U.S. interior secretary affirms Pacific isle ties
Dirk Kempthorne visits workplaces, clinics, schools and villages on remote islands
Interior Secretary Dirk Kempthorne has concluded a two-week tour through the Pacific in the most extensive trip for a Cabinet member to remote U.S.-affiliated islands in years.
The trip included stops at the Commonwealth of the Northern Mariana Islands, Guam, Palau, the Federated States of Micronesia, the Marshall Islands and American Samoa, as well as Hawaii. He also visited Midway Atoll for the 65th anniversary of the battle that marked a turning point in World War II.
"Those who have a presence in the Pacific will be positioned strategically very well. We don't want to be absent from that," he said Friday before returning to Washington. "So it's important to continue our friendship and assistance to these islands."
As interior secretary, Kempthorne oversees federal policy in the U.S. territories and manages U.S. assistance to three independent Pacific nations. His department provides those islands more than $300 million a year.
The former Republican governor of Idaho visited schools, health care clinics, villages and work places to get an understanding of each island's culture. He also met with political, business and civic leaders to hear their concerns.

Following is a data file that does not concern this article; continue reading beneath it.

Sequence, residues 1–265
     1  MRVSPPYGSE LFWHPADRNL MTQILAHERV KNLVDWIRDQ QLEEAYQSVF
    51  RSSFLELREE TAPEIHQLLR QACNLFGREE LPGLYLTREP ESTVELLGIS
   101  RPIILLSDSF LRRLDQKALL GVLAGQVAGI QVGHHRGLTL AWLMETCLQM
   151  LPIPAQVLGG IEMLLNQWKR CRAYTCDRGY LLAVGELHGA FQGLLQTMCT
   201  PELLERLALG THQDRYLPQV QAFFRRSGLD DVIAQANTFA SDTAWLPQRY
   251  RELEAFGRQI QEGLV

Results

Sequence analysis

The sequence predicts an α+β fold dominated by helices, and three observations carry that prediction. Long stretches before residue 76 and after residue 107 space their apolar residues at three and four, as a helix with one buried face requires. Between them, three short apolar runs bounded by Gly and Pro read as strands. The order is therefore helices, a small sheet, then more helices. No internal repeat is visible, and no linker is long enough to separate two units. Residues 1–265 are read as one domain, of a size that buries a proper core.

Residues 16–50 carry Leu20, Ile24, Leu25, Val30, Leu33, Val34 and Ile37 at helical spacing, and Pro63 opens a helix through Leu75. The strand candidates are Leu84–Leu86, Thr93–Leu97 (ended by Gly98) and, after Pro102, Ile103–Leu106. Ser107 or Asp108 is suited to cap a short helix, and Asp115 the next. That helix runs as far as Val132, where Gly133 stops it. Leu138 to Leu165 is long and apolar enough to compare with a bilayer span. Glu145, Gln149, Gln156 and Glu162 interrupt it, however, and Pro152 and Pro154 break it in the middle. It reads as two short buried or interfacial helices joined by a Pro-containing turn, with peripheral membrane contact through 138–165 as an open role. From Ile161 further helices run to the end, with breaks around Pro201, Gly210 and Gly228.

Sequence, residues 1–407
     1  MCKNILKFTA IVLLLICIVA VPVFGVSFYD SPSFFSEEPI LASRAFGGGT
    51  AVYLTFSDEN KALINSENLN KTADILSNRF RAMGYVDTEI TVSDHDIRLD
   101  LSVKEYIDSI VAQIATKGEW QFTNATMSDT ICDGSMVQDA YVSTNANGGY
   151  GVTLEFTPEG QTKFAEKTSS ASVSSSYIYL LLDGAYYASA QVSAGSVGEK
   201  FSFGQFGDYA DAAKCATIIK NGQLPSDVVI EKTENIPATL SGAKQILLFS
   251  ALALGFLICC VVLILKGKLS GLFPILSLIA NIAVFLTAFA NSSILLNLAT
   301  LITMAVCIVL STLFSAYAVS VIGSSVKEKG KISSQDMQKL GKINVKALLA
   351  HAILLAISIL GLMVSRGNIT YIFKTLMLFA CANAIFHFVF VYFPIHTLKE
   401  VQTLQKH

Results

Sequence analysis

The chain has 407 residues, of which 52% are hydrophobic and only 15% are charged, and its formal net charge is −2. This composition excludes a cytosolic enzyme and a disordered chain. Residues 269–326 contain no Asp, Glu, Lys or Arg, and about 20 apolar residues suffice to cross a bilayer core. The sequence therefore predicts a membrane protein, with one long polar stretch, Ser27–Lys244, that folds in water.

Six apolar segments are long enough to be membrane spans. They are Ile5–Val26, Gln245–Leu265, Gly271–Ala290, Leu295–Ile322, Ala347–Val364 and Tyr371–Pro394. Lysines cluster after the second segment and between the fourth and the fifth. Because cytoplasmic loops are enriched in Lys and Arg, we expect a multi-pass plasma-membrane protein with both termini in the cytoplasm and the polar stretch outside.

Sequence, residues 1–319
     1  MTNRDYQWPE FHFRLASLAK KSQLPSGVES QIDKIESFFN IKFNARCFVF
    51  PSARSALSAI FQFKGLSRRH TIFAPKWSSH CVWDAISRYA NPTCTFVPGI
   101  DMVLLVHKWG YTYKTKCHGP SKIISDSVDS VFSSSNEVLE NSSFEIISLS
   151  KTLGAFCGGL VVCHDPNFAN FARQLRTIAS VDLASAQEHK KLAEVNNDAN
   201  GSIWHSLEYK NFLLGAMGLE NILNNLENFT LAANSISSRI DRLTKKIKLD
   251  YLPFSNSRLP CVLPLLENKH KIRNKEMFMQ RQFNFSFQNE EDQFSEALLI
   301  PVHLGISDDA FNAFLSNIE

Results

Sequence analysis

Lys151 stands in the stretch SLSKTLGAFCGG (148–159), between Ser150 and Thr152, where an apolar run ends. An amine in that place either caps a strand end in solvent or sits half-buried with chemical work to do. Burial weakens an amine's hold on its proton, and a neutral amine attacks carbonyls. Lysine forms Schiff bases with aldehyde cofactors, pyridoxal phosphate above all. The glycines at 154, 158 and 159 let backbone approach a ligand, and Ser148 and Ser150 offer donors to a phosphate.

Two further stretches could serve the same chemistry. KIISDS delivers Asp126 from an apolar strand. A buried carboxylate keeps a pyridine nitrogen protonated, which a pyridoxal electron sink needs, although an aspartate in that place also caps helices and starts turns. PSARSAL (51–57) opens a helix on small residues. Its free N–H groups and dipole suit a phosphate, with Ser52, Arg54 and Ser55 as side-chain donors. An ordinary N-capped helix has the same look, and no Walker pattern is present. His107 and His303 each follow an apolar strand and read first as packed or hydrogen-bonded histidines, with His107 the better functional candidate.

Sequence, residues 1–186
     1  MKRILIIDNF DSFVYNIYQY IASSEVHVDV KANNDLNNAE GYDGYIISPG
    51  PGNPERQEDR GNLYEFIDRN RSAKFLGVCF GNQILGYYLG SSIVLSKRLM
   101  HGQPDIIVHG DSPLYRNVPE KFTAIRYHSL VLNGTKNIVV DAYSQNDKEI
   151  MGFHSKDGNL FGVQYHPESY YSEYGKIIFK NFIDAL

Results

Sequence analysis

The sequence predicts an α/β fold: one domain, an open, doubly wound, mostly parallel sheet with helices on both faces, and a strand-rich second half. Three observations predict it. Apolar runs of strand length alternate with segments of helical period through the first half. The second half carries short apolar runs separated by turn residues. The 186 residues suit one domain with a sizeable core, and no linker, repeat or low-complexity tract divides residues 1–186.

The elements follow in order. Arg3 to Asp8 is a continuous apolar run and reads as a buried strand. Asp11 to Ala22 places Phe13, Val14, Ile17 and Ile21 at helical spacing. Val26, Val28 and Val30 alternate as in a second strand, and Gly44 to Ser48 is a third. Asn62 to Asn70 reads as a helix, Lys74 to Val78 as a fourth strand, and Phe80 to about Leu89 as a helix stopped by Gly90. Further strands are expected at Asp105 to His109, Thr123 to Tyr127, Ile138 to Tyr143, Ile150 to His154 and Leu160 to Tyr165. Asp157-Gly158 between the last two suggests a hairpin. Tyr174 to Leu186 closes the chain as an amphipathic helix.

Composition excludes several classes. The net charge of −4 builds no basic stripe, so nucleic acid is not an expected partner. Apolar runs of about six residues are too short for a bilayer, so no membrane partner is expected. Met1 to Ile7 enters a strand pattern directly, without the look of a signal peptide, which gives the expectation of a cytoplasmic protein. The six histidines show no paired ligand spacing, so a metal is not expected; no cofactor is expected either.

"It was really very beneficial. It gave me some perspective," said Kempthorne, who was confirmed last summer.
The secretary also attended a funeral of a soldier from Guam who was recently killed in the Middle East.
"These islands, per capita, send more of their sons and daughters to the military of the United States than most areas of the country," Kempthorne said. "They understand service and sacrifice. They believe in freedom and democracy.
"These are our allies. These are our friends. We will continue to be their partners."
Kempthorne's visit to Guam is likely to be followed in the coming years by many other U.S. officials as 8,000 Marines and their families are relocated to the U.S. territory from Okinawa in southern Japan.
The U.S. and Japan are spending some $10 billion for the move to Guam, of which Japan is paying $6 billion.
The Marines' arrival could add an additional 30,000 people to the island's population of about 170,000 and be a boon to the local economy.
In American Samoa, the biggest issue was the ramifications of the annual minimum-wage increases, the first of which will take effect next month.
Officials fear the local economy will suffer under a new federal law that will raise the hourly minimum wage by 50 cents July 24. There will be additional annual hikes of 50 cents until it reaches the new federal wage minimum of $7.25 an hour.
Depending upon the type of job, current minimum wages in the territory range from $2.68 to $4.09 an hour.